A leader of the German nationalist party AfD was beaten senseless by 'hooded men'
What happens when the political opposition and the entire media establishment in Germany refer to your party as "fascists"?
Frank Magnitz, a lawmaker with German far-right party Alternative for Germany (AfD), was reportedly attacked by at least three men on Monday night and remained hospitalized on Tuesday, The New York Times reported.
Magnitz is the head of AfD's chapter in the German city of Bremen. Thomas Jürgewitz, the deputy head of the Bremen chapter, told the Times in a phone interview that Magnitz is expected to make a full recovery.
The AfD circulated a picture of Magnitz's bloodied face, writing on Facebook, "Today is a black day for democracy in Germany."
Jürgewitz told the Times that Magnitz's assailants beat him with lumber and kicked him until he was unconscious. Workers in the area reportedly came across Magnitz and alerted authorities.
"There's zero tolerance for violence, whoever is affected and wherever the violence comes from," German Interior Minister Horst Seehofer told The Associated Press. "We need to do everything to find the culprits and hold them to account."
Lawmakers across the political spectrum in Germany have condemned the attack, including critics of the AfD.
Sounds like something the Democrats and media would do if someone took a shot at Trump. First they enable the violence, then they condemn it when it inevitably happens.
"It was clearly an attempt to murder Mr. Magnitz," AfD co-leader Alexander Gauland told reporters in Berlin.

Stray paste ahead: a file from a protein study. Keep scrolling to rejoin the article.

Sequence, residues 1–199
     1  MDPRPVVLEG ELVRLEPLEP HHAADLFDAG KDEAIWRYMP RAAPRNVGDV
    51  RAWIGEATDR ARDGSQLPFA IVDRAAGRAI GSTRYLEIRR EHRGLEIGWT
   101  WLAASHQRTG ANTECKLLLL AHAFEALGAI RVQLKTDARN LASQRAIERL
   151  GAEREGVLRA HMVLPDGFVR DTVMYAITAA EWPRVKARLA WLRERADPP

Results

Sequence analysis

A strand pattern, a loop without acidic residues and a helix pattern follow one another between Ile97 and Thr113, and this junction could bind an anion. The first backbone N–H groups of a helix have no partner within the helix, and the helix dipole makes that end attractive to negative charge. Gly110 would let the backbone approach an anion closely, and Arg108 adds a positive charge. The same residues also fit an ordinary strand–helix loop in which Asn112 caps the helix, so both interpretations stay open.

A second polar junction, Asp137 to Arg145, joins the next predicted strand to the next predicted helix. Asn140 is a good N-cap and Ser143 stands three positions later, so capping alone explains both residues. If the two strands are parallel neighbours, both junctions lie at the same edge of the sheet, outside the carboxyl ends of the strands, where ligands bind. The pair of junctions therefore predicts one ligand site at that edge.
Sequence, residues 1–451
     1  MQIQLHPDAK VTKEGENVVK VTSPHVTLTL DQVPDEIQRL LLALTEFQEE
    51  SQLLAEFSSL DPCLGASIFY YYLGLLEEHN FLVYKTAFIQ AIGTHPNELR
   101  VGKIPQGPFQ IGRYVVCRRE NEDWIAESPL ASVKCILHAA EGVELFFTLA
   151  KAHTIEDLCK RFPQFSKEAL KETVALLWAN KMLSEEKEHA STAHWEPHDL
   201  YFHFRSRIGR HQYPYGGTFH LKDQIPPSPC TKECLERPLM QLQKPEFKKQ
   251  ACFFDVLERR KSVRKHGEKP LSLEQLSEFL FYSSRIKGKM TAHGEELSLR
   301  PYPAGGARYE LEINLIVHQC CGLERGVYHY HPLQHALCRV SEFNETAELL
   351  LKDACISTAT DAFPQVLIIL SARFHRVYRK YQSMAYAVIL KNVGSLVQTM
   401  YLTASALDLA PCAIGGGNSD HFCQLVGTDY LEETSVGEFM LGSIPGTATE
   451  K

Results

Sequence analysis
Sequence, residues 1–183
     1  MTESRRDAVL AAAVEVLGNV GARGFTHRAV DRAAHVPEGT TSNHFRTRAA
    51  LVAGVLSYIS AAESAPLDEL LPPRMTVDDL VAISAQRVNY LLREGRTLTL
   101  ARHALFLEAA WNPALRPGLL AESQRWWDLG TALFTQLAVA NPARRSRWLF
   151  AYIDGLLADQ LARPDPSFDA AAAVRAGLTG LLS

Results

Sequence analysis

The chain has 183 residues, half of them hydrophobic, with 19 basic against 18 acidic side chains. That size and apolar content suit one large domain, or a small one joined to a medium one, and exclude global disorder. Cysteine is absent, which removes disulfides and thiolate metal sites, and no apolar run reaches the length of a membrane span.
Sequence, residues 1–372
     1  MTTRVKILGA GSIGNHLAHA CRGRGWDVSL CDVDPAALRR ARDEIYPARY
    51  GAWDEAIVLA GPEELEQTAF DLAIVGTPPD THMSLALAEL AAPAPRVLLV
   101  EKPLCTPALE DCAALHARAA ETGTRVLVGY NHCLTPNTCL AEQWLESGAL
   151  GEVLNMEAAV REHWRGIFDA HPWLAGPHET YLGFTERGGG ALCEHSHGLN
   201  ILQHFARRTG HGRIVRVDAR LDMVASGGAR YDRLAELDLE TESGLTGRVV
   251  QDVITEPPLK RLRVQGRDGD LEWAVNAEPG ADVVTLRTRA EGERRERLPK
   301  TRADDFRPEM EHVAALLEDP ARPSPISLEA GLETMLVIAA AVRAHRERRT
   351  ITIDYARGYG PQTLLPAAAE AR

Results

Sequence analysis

AfD co-leader Alexander Gauland claimed that the attack was "clearly" a murder attempt.
"This is the result of the ostracism and agitation AfD faces," Gauland said, according to the AP.
"Three hooded men" and the ferocity of the attack sound like Antifa's work. The "anti-fascists" have been active in Germany since the surprising rise of the Alliance for Germany Party. While the fringes of the AfP may harbor some unlovely characters – even neo-Nazis and anti-Semites – the vast majority of AfP is made up of ordinary Germans who oppose the Merkel administration. But German politics demands that any association with AfP is smear-worthy. It's surprising only that these attacks haven't happened more often.
It isn't just the unfettered immigration policies of Merkel that have people up in arms. It's the loss of national identity being countenanced by the government, which includes surrendering more and more sovereignty to the E.U. and international organizations.
European politics is changing, and as much as the establishment elites fight to maintain the status quo, they are losing at the ballot box and in the hearts and minds of ordinary citizens.